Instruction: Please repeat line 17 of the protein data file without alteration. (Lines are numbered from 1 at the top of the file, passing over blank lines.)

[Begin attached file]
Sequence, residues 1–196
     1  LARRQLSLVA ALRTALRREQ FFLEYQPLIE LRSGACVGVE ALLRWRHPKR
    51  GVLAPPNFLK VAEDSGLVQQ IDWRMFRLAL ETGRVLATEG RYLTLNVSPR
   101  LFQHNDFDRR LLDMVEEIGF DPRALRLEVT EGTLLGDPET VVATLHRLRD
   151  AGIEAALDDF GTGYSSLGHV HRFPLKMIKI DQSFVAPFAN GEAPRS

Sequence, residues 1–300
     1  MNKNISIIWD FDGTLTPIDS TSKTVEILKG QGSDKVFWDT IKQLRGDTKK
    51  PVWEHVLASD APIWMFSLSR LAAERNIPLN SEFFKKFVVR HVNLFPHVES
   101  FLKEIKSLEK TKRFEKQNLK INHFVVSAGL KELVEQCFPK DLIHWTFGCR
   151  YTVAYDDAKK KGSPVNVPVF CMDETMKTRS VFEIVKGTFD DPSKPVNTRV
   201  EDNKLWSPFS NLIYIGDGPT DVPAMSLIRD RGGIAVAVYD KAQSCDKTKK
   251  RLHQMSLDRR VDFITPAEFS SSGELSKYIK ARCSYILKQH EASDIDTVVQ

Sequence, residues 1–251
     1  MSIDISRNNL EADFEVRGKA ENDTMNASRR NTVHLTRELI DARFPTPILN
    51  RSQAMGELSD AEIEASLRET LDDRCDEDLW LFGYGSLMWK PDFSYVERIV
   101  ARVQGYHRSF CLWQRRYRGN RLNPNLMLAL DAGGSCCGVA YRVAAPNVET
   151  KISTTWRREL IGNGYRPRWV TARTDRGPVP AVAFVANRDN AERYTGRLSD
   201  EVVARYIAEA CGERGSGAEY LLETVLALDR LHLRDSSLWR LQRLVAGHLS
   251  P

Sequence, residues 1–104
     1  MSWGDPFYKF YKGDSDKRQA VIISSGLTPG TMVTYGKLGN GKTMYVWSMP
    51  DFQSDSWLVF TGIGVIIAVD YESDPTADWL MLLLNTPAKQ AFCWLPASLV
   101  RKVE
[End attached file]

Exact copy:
   151  KISTTWRREL IGNGYRPRWV TARTDRGPVP AVAFVANRDN AERYTGRLSD